Depending on your application, you may require a pump that can work at high speeds and manage high pressure - and not all pumps function this way. If you require a pump that can manage high speeds and high pressure and select a pump that does not function at that level, you could be facing costly unplanned downtime, lost productivity, and even premature pump failure. Fluid Metering experts can help with selecting a pump that meets your speed and pressure needs.
In order for a pump to perform for a long period of time, it needs to maintain a high level of accuracy. If a pump's accuracy and repeatability changes over time, it will decrease the overall performance of the pump, and can possibly even render the pump useless. How can a user maintain accuracy and ensure that pumps remain reliable and repeatable over time? Here's a closer look at what you need to know:
Under certain conditions, a liquid solution will begin to crystallize, or form solid crystals. This typically occurs under the right combination of environmental conditions and other factors, such as vibration. Users are running into crystallizing fluids more frequently in the lab environment, which makes it difficult to process via conventional equipment. That is why it’s important to have a pump that can handle these crystallizing fluids.
Many pump users have a need for continuous, pulse-free flow. Unfortunately, this isn't always the case when working with many pumps. Today's reciprocating pumps tend to put out a pulsating flow that isn't always ideal. But how do you go about facilitating that more stable and consistent flow when you're working with a pump? That's where Fluid Metering, Inc.'s FSF Smooth Flow Technology provides a solution. Offering a pulse-less flow, the technology has many benefits for end users.
Fluids with low viscosity tend to have low resistance. They shear easily and their molecules flow quickly, which can make them easy to pump and process.
High viscosity fluids, on the other hand, are the opposite. They move slowly and don't deform easily. Some even tend to behave more like solids than liquids, which can become a problem for pumping.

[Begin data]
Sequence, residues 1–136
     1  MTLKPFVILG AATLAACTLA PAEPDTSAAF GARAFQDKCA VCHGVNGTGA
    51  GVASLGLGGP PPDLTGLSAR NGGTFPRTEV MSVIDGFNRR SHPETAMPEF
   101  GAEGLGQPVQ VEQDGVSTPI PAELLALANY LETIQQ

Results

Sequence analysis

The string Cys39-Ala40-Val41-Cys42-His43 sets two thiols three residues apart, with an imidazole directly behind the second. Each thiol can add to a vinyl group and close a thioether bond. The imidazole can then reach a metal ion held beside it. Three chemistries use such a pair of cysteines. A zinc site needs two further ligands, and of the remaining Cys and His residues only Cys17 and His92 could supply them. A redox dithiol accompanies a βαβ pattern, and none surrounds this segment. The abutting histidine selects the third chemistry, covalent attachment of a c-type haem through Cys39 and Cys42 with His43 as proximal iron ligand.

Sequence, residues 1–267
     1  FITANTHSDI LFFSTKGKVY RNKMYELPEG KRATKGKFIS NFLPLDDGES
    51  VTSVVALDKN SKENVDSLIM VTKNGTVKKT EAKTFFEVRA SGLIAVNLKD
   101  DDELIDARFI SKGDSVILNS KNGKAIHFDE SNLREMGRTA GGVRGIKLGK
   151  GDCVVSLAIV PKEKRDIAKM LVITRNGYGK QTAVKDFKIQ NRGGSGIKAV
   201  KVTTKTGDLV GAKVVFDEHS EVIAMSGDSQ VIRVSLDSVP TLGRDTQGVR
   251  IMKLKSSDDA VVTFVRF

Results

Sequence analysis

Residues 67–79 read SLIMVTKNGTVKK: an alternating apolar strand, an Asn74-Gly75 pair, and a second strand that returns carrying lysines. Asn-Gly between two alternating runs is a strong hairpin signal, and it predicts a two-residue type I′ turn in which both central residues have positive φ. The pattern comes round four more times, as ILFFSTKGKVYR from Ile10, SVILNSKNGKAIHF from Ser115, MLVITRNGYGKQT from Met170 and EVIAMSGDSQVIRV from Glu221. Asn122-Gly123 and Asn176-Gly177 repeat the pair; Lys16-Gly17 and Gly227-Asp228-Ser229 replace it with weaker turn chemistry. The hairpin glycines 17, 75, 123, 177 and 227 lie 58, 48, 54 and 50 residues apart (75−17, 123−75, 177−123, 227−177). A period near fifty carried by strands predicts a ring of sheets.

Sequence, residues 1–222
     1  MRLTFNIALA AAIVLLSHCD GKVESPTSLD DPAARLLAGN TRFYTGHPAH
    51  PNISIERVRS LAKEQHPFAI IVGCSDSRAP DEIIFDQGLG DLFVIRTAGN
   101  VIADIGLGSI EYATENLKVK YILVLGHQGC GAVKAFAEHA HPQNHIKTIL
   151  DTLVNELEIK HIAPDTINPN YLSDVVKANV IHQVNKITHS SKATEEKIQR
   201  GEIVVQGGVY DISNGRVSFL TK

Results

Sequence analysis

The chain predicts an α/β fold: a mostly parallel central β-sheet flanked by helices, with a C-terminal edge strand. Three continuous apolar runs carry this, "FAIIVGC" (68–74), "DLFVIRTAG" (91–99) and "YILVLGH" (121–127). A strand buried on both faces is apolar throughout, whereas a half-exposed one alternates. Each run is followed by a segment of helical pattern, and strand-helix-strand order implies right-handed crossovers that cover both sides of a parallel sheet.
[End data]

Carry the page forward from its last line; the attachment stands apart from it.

Different fluids with different flow rates are bound to require separate pumps, right?
Not necessarily. Two pumps aren't necessarily always better than one.
When referring to flow rate in a pump, you are looking to find the volume of liquid that travels through the pump in a certain amount of time, often measured in milliliters per minute. Different applications will require different flow rates — and it's crucial to select a pump that can meet your specific needs. In this post, we'll take a closer look at how to select the right pump for flow rate, what to look for, mistakes to avoid, and more.
When it comes to selecting the correct pump for your application, there are several factors that need to be considered, one of which is the viscosity of the fluid. In this post, we'll discuss why viscosity is an important variable and how to optimize a pump for your fluid. Here's a look:
Frequent jams, busted pistons, blown seals and material degradation are all things to be avoided with any pump you purchase. But if you fail to ensure your pump is crafted from the right materials based on the chemicals and fluids it's intended to work with, that's exactly what might happen, halting productivity and incurring additional expenses. In this post, we'll take a closer look at just why pump materials are so important.